Depending on the water parameters of your tank and type of fish you own, you might want to consider different options. Here are some other types of fish that also eat mosquito larvae!
In selecting a larvae-eating species for your tank, you should always keep tank mate compatibility in mind. For instance, mosquito fish are great at eating larvae, but are not good community players. No matter which fish you opt for, always do your best to provide them with the environment they need!
How To Control / Get Rid of Mosquito Larvae In An Aquarium?
Once you find mosquito larvae in your tank, you may wonder how to kill or get rid of them. The good news is, there are many methods you can use to deal with this pesky infestation. Which one you opt for has to do with the extent of the problem, and your personal preferences.
From natural pest-control methods to thoughtful tank setups, here are our top tips on how to kill mosquito larvae in an aquarium!
Cover Your Tank With A Net
Covering your tank with a net is one of the most effective, fool-proof ways of preventing mosquitoes from laying eggs in the water. A net does an excellent job of covering the entire surface area of your tank, while allowing oxygen to pass through and dissolve in the water.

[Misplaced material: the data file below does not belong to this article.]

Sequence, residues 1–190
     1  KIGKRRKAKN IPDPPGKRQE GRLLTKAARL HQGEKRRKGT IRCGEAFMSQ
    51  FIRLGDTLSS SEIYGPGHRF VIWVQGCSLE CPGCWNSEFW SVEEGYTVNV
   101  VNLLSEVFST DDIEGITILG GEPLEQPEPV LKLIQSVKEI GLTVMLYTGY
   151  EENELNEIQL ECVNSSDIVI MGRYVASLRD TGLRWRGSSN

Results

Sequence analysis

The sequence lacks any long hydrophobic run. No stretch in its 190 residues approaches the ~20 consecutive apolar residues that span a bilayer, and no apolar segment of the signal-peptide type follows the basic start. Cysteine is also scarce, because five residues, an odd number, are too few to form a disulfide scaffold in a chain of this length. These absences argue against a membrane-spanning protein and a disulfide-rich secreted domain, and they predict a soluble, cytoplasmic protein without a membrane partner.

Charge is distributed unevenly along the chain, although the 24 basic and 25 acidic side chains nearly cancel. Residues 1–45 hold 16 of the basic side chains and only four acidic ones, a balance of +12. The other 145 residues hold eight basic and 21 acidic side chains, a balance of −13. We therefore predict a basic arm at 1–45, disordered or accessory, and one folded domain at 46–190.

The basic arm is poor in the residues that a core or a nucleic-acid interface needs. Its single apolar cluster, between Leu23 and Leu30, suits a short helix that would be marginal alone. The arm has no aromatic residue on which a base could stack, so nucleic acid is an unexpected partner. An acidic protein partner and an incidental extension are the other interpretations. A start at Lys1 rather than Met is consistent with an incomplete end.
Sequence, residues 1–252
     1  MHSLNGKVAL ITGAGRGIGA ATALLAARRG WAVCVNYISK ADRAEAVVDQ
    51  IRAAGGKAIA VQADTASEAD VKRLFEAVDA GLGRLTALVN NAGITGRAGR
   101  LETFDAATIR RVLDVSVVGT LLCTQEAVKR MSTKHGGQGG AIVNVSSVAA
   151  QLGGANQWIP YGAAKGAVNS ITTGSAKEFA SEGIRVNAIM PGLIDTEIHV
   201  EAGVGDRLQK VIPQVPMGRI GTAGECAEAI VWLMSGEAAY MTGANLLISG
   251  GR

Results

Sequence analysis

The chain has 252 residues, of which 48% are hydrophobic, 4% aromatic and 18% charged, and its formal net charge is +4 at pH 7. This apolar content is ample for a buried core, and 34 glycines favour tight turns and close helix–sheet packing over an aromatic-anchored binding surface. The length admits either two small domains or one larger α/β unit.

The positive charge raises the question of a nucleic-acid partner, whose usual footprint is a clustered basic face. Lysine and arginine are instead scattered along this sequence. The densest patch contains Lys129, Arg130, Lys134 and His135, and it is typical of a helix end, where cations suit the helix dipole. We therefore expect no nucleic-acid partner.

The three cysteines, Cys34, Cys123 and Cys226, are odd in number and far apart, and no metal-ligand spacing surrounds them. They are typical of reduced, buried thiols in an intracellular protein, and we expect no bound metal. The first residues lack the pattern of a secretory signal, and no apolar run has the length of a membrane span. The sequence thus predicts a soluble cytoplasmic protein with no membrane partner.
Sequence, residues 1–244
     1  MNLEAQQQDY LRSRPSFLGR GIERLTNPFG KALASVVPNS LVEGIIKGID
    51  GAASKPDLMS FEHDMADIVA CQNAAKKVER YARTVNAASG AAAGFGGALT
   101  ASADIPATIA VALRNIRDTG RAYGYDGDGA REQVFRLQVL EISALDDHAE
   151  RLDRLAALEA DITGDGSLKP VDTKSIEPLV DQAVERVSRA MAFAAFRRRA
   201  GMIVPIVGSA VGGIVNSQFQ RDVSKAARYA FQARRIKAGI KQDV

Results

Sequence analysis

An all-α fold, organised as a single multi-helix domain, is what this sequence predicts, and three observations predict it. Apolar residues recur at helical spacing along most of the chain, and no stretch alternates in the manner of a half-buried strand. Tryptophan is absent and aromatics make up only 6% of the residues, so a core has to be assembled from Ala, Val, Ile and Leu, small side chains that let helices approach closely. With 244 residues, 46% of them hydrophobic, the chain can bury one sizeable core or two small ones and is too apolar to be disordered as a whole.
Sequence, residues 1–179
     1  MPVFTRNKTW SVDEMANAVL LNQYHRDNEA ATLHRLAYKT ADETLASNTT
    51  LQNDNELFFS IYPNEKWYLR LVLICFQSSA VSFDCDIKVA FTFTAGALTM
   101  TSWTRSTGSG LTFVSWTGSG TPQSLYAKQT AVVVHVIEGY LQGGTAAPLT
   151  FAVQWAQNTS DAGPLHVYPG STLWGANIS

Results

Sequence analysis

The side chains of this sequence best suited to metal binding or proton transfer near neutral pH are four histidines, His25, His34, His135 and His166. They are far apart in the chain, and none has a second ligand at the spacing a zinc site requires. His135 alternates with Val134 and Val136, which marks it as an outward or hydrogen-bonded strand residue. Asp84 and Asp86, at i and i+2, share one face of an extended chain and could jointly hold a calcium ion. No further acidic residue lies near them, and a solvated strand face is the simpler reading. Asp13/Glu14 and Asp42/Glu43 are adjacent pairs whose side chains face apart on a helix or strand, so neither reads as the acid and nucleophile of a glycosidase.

The main thing you should focus on is selecting a net with small openings. You need to make sure that the holes are too small for mosquitos to pass through. Placing a net over your tank can also have secondary benefits. It stops fish from jumping out of your tank, and prevents debris from falling into the water.
If your goal is to get rid of mosquito larvae from your tank, your best bet is to reduce the amount of vegetation in the tank.
Plants allow algae and other microorganisms to thrive in your tank. Under usual circumstances, these microorganisms are harmless. However, they are a vital source of food for mosquito larvae. Therefore, reducing vegetation deprives mosquito larvae of food, allowing you to get rid of them effectively.
Movement Of Water
Mosquito larvae cannot survive in moving water, so a good way to prevent mosquitoes from laying eggs on the surface of your tank is to keep the waters moving. In other words, you want to agitate the surface of the water on a frequent, near-constant basis.
A good way to do so is to use a filter or a pump that is appropriate for the size of your tank and the needs of your fish. Be sure to pick the right filter for your tank! Filter currents that are too strong can do more harm than good.
In cases where there is a massive infestation of mosquito larvae in your tank, you may need to rely on chemical larvicides to get rid of them. Some examples include pyriproxyfen and methoprene, which acts by preventing mosquito larvae from growing into adults.